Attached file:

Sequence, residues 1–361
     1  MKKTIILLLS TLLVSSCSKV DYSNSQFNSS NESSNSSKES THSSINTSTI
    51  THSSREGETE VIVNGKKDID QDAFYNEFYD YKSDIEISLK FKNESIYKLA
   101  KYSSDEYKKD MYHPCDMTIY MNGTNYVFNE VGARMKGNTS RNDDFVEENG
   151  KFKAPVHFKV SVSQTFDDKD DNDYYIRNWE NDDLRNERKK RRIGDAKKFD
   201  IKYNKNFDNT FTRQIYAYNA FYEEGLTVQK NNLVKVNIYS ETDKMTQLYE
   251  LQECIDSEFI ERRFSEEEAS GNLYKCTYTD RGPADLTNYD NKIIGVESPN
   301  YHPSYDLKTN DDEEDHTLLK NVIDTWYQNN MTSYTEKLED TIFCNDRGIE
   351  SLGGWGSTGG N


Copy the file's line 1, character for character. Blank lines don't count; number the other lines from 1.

Sequence, residues 1–361